India’s first dedicated solar science mission Aditya L1 heads spaceward.

Aditya L1
An artist's conception of Aditya L1 in space.

The Indian Space Research Organization (ISRO) has been busy in 2023. First came the successful landing of India’s Chandrayaan 3 mission in the lunar south pole region earlier this week. Now, the ISRO has begun its first dedicated mission to study the Sun, Aditya L1.

The launch of a four-stage Polar Satellite Launch Vehicle (PSLV-XL) rocket from the Satish Dhawan Space Center in India with Aditya L1 occurred on Saturday, September 2nd at 2:20 a.m. EDT / 6:20 UT. The mission was initially placed in low-Earth orbit and the deployment was nominal, with spacecraft separation from the upper stage and solar panel deployment occurring around 90 minutes after liftoff. Next, starting on September 3rd, the spacecraft will perform the first of several engine burns to slowly raise its orbit.

Mission Control
ISRO mission control, ahead of the launch of Aditya L1.
ISRO official webcast

Aditya is the name for the Sun in Sanskrit, and the "L1" in its name refers to the mission’s destination: the Sun-Earth L1 Lagrange point, just under 1.5 million kilometers (1 million miles) sunward of Earth in its orbit. Aditya L1 will take about four months to reach this point. Once there, Aditya L1 will enter a Lissajous or "halo" orbit around this point in space, enjoying a vantage point with a continuous view of our host star.

"A satellite placed in the halo orbit around the L1 point has the major advantage of continuously viewing the Sun without any occultation or eclipses," ISRO officials said in an official statement. "This will provide a greater advantage of observing the solar activities and its effect on space weather in real time."

Other missions at the stable L1 point include the joint NASA/ESA Solar Heliospheric Observatory (SOHO), ESA’s Lisa Pathfinder, and NASA's Advanced Composition Explorer (ACE). Aditya L1 has a nominal mission duration of about five years.

The European Space Agency will provide worldwide tracking coverage for Aditya L1 en route to and at L1, courtesy of the agency's European Space Tracking (ESTRACK) network. Station-keeping around the Lagrange points can prove challenging: In 1998, a failure to perform a routine maneuver nearly doomed the joint NASA/ESA SOHO mission shortly after launch.

The path for the Aditya solar observatory to L1.

"With its experience flying and even rescuing missions at the Lagrange points, ESA was in the perfect position to help the ISRO improve their new orbit determination software and demonstrate that it has the fidelity and accuracy that the organization needs in order to operate a spacecraft at a Lagrange point for the first time," says Frank Budnik (ESA Flight Dynamics) in a recent press statement.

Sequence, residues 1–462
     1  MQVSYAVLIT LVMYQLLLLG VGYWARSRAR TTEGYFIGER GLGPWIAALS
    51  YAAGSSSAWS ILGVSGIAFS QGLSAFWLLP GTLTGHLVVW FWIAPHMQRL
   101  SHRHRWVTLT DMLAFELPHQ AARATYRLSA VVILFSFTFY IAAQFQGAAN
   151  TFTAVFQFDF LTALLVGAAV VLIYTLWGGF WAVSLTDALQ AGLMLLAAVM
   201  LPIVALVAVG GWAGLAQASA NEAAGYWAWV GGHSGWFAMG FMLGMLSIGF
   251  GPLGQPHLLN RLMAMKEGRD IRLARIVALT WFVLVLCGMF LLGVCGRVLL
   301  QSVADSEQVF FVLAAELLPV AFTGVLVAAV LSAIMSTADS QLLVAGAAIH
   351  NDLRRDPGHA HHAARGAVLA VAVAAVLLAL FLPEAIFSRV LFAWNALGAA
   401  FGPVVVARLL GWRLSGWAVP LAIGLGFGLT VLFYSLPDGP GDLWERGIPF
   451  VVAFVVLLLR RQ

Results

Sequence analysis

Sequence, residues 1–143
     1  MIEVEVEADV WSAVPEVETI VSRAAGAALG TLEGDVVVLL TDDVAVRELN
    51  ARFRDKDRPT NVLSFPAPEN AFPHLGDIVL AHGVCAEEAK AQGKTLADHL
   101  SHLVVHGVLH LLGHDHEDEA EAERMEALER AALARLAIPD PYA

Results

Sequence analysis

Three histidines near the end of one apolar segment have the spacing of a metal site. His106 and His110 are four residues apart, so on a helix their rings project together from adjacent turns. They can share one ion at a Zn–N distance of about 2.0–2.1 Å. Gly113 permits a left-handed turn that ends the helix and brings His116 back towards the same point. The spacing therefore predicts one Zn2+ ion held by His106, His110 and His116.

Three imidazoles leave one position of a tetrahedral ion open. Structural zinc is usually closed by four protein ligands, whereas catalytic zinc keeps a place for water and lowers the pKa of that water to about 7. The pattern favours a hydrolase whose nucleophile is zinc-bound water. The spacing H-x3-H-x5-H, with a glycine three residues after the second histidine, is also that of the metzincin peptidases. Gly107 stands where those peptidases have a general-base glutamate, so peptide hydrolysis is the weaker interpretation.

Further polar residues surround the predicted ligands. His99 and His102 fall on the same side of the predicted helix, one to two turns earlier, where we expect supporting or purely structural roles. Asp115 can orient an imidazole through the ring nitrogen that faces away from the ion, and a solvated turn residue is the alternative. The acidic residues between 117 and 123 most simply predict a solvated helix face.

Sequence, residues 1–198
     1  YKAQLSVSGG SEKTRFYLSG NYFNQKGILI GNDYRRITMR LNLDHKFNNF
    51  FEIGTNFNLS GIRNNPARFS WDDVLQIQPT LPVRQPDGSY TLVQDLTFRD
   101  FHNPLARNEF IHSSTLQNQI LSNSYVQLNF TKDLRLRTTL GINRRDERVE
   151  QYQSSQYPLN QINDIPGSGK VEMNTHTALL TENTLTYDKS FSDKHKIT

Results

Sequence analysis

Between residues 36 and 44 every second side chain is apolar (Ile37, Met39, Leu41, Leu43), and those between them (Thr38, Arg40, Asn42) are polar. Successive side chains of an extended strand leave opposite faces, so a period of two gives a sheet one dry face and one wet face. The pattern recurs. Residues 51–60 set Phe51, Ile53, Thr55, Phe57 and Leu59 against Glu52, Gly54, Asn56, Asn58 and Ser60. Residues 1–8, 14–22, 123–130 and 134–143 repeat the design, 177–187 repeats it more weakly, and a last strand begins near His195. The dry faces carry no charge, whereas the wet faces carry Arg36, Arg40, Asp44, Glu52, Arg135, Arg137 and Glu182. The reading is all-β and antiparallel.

The ISRO has also established a Telemetry Command Center in partnership with the island nation of Fiji to monitor Aditya L1 during the crucial ascent phase.

Science Payload

The mission was built by ISRO at the UR Rao Satellite Center in Bengaluru, India. India’s first astrophysics satellite was Aryabhata 1, launched with the help of the Soviet Union in 1975. The 3,300-pound (1,500-kilogram) class observatory carries a suite of seven instruments to study the Sun’s photosphere, chromosphere, and corona. Three of these instruments will also carry out in-situ studies of solar wind particles and magnetic fields at the L1 point. This will provide valuable data on solar dynamics and space weather’s interaction with the interplanetary medium.

An instrument/payload diagram for the Aditya L1 observatory.

Key science objectives for Aditya L1 are to study the origins of coronal mass ejections, monitor and characterize space weather events, and investigate the solar coronal heating mystery, looking at why the outer corona of the Sun is much hotter than the photosphere surface of the Sun below.

To carry this out, Aditya L1 has four remote-sensing payloads, including the Visible Emission Line Coronagaph (VELC), capable of catching CME’s in early stages of formation; low-energy and high-energy spectrometers (SolEXS and HEL1OS); and the solar imaging unit ultraviolet telescope (SUIT).

Aditya L1 will also for the first time spatially resolve the solar disk in the near-UV band.

The in-situ payloads aboard the probe include the Aditya Particle Experiment (ASPEX), the Plasma Analyser Package (PAPA), and the Advanced Tri-axial High Resolution Digital Magnetometer. These will gather data on incoming space weather, measuring speed, energy and magnetic field direction.

Aditya L1
The Aditya L1 spacecraft in the clean room on Earth.

Also, watch for India to launch its X-ray Polarimeter Satellite (XPoSat), the ISRO's first dedicated polarimetry mission to study X-ray sources, possibly as early as late this year.

Aditya L1 couldn’t be headed to space at a better time, as our host star heads towards its 11-year solar maximum in 2025. Aditya L1 joins the Parker Solar Probe, ESA’s Solar Observer (SolO), NASA’s Solar Dynamics Observatory, and the venerable SOHO mission as a key part of humanity’s efforts to unlock the secrets of our often tempestuous host star.


Image of Yaron Sheffer

Yaron Sheffer

September 5, 2023 at 7:24 am

Congrats to ISRO!

PS. The upcoming XPoSat mission will not study cosmic rays, but the polarization of X-ray photons from various point sources.

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David Dickinson

September 5, 2023 at 1:34 pm

Thanks... fix'd.

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